Thanks, this computer is a desktop and I don't believe it ever had that. I don't think that's what's wrong here. Any other thoughts?

  4. #4
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    Hidden!
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    Ubuntu 18.04 Bionic Beaver

    Re: Nvidia driver issue caused system to become unbootable...next steps?

    What does this command yield ..

    sudo mokutil --sb-state

    ah! you can't type this command.

    then any tips here?

    Last edited by dragonfly41; May 12th, 2020 at 10:24 PM.

  5. #5
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    Re: Nvidia driver issue caused system to become unbootable...next steps?

    Right now I'm using a boot USB. Yeah. The problem is (well, the immediate problem!) is that when I get to the prompt, I can't use the keyboard at all.

  6. #6
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    Re: Nvidia driver issue caused system to become unbootable...next steps?

    Quote Originally Posted by goemonburo View Post
    Am I best off running Ubuntu from a boot disk or boot usb?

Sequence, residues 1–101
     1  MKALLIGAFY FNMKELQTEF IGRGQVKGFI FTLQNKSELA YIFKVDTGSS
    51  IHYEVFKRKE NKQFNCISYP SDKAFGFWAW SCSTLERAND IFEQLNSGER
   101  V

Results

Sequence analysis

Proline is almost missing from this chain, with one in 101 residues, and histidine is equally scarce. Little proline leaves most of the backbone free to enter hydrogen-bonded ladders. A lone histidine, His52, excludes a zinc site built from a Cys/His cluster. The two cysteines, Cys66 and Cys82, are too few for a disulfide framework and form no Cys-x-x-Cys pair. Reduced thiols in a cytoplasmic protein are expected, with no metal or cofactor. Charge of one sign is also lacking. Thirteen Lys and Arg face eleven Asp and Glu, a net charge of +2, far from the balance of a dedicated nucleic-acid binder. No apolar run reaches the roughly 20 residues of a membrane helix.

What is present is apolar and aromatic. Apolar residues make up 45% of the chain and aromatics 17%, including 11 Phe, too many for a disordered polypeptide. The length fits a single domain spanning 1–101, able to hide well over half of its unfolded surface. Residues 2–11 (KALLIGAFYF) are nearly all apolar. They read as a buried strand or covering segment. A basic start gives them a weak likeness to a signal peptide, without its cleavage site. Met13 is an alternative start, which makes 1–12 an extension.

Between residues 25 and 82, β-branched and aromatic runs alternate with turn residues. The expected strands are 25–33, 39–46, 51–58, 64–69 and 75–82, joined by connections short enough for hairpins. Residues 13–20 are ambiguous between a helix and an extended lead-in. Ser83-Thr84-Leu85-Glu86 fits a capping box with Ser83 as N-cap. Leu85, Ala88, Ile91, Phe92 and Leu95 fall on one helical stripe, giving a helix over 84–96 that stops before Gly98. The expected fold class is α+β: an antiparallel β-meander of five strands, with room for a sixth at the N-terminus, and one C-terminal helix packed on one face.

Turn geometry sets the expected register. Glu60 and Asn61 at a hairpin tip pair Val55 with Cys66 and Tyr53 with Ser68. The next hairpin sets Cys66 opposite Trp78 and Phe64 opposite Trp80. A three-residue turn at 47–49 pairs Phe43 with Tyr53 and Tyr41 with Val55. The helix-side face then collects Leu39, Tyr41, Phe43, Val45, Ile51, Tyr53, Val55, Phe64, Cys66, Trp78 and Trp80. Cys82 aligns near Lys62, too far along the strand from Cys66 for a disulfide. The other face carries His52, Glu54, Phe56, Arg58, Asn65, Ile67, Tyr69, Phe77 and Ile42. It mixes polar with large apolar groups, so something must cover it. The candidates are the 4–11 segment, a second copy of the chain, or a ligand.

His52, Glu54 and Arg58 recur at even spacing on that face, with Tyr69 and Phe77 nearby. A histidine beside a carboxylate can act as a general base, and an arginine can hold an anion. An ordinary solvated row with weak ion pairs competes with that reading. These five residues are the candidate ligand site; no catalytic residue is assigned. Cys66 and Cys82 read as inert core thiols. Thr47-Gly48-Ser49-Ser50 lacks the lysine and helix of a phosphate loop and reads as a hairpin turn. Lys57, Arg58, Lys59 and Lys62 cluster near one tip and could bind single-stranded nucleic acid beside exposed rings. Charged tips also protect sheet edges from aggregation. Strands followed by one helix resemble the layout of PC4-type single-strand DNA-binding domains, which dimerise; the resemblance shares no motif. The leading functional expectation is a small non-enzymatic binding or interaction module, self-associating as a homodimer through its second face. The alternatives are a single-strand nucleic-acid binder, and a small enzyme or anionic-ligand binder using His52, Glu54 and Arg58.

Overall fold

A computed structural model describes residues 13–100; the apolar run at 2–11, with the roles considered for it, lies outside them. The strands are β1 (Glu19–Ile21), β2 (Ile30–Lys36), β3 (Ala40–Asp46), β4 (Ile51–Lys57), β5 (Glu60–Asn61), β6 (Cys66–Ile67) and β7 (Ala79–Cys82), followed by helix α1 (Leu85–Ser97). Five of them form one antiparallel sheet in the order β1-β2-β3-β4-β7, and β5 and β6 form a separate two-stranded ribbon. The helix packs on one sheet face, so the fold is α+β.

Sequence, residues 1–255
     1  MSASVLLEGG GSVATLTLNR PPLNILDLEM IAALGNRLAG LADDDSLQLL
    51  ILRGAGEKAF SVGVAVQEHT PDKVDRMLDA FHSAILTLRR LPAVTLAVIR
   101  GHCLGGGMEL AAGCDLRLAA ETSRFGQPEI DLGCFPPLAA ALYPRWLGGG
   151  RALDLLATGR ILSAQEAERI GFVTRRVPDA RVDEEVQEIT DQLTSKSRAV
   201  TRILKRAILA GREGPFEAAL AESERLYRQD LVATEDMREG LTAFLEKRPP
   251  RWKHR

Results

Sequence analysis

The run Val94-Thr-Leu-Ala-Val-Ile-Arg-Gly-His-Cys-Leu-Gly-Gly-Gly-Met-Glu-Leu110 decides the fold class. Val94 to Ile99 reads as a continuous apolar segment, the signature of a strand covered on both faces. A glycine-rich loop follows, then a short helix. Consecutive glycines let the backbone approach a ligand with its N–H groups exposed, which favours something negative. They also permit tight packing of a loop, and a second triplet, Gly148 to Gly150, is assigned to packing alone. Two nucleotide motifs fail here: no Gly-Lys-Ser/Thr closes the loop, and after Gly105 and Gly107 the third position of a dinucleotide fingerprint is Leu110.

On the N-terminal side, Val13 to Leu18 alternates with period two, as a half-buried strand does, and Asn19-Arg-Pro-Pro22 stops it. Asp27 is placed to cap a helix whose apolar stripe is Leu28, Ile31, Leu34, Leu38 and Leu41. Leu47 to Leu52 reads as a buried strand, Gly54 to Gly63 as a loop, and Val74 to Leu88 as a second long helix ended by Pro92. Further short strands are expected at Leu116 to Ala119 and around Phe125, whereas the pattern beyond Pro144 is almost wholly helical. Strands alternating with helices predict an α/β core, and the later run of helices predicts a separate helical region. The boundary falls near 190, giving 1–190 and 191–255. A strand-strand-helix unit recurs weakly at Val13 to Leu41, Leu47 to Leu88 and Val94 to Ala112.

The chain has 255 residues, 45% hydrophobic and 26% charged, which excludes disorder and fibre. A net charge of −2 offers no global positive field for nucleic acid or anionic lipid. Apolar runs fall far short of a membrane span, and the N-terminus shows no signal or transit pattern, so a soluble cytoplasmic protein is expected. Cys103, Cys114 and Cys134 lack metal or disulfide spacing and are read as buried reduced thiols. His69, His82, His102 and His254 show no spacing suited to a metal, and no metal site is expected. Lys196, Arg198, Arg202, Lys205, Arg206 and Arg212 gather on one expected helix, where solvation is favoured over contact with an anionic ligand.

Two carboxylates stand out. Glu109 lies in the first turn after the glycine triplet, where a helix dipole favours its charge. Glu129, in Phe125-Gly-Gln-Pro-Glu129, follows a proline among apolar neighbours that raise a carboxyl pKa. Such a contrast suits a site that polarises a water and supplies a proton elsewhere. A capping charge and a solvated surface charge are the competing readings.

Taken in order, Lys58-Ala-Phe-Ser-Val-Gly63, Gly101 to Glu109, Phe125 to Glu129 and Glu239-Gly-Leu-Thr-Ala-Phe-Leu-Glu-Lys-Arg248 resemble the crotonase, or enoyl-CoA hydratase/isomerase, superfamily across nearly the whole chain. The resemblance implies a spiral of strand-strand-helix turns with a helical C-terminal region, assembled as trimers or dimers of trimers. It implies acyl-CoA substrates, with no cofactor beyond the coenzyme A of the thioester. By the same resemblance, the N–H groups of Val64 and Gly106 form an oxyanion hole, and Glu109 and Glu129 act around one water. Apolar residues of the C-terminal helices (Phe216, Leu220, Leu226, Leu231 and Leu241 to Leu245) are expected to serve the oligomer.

Yes, you are. No boot and no keyboard makes fixing things tricky. From the live USB you'll have keyboard and Internet. Makes fixing things much easier.

    For fiddling with files you can just mount the partition with your installation on and fiddle away. For running commands you'll want to mount the partition then chroot (change root) to wherever you mounted it to: that will run commands as if whichever mount point was the root directory, exactly as if you'd booted to a command-line interface but with a working keyboard.
    None but ourselves can free our minds

  7. #7
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    Re: Nvidia driver issue caused system to become unbootable...next steps?

    Can you give me a little more hints as to WHAT I should fiddle with? I'm not sure if I need to just get the Nvidia drivers successfully installed or if there's more going wrong. Any help would be hugely appreciated...

  8. #8